between C22 and C23) and is commercially made by irradiating pression of the 25-hydroxyvitamin D-24-hydroxylase (24-OHase).
and then purifying the ergosterol extracted from yeast. Both 25(OH)D is metabolized in other tissues for the purpose of regulation of
vitamin D-2 and cholecalciferol are used to fortify milk, bread, cellular growth. (Copyright Michael F. Holick, 2003, used with permis-
and multivitamins in the United States. In Europe cholecal- sion.)
VITAMIN D, SUNLIGHT, AND HEALTH 2741S
FIGURE 3 Inﬂuence of season, time of
day in July, and latitude on the synthesis
of precholecalciferol in northern (A and
C: Boston -E-, Edmonton - -, Bergen
-Œ-) and southern hemispheres (B: Bue-
nos Aires -E-, Johannesburg - -, Cape
Town -Œ-, Ushuala –ƒ- and D: Buenos
Aires -F-, Johannesburg - -, Cape
Town -‚-, Ushuala --). The hour indi-
cated in C and D is the end of the 1-h
exposure time in July. Adapted from and
reproduced with permission (Lu Z, Chen
T, Kline L et al. Photosynthesis of pre-
cholecalciferol in cities around the
world. In: M. Holick and A. Kligman, ed-
itors. Biologic effects of light. Proceed-
ings. Berlin: Walter De Gruyter; 1992. p.
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(VDR), which in turn bonds with the retinoic acid-X-recep- a crippling bone disease commonly known as rickets (Fig. 4).
tor. This complex is recognized by speciﬁc gene sequences Rickets not only caused growth retardation but, due to the
known as the vitamin D responsive elements (VDRE) to poorly mineralized skeleton, the long bones in the legs became
unlock genetic information that is responsible for its biologic deformed. In addition, vitamin D deﬁciency caused disruption
actions. in chondrocyte maturation at the ephyseal plates, leading to
In the intestine 1,25(OH)2D induces the expression of an widening of the ends of the long bones and costochondral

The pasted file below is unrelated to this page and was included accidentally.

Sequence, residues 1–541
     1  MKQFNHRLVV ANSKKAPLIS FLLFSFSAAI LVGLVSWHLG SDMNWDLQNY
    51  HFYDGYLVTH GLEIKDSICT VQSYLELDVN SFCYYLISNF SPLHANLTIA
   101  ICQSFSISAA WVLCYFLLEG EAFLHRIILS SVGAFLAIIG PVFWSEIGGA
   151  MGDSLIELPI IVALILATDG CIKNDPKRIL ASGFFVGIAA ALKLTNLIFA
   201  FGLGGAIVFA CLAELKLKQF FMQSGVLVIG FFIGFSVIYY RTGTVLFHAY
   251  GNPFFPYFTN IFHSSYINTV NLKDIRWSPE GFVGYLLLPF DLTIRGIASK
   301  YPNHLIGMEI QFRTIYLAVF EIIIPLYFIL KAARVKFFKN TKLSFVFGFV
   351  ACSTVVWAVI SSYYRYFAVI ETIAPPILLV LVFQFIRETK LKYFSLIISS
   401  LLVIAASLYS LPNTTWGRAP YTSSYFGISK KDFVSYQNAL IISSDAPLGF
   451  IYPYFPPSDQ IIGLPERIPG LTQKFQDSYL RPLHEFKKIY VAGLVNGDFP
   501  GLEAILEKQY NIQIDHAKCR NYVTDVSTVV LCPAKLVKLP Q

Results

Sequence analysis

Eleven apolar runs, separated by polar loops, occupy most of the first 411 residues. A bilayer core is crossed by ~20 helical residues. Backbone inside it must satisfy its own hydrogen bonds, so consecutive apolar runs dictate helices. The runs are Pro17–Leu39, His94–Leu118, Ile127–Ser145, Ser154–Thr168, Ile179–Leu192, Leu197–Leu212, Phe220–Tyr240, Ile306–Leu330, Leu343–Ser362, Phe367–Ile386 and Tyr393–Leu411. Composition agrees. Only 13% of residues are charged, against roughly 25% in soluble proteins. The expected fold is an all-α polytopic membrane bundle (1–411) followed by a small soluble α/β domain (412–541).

epithelial calcium channel, calcium-binding protein (calbin- junctions. The disease was devastating because the growth
din), and a variety of other proteins to help the transport retardation and bony deformities were not only disabling, but
of calcium from the diet into the circulation (11,12). also childbearing women often had difﬁculty with birthing
1,25(OH)2D also interacts with its VDR in the osteoblast and because of a ﬂat and deformed pelvis (10).
stimulates the expression of receptor activator of NF ligand Sniadecki, in 1822, suggested that the reason that children
(RANKL) similar to parathyroid hormone (PTH) (10,13). living in the industrialized cities of northern Europe developed
Thus 1,25(OH)2D maintains calcium homeostasis by increas- rickets was because they were not exposed to sunlight (18).
ing the efﬁciency of intestinal calcium absorption and mobi- However, by the turn of the twentieth century, 80% of
lizing calcium stores from the skeleton. children living in industrialized cities in North America and
PTH, hypocalcemia, and hypophosphatemia are the major Europe suffered from this bone-deforming disease.
stimulators for the renal production of 1,25(OH)2D It had been common practice on the coastlines of the
(10,11,14). During pregnancy, lactation, and the growth spurt, United Kingdom and the Scandinavian countries to encourage
sex steroids, prolactin, growth hormone, and insulin-like children to take a daily dose of cod liver oil to prevent the
growth factor 1 (IGF-1) play a role in enhancing the renal disease (1–3). In 1919 Huldschinsky reported that children
production of 1,25(OH)2D to satisfy increased calcium needs
with rickets who were exposed to ultraviolet radiation from a
mercury arc lamp for 1 h twice a week for 8 wk had marked
Besides the small intestine and the osteoblast, the VDR has
been identiﬁed in almost every tissue and cell in the body, radiological improvement of the disease (19,20) (Fig. 5). In
including brain, heart, skin, pancreas, breast, colon, and im- 1921 Hess and Unger (21) demonstrated that sunlight could
mune cells (10,11,15). 1,25(OH)2D helps regulate cell growth cure rickets when they exposed rachitic children to sunlight
and maturation, stimulates insulin secretion, inhibits renin on the roof of a New York City hospital and demonstrated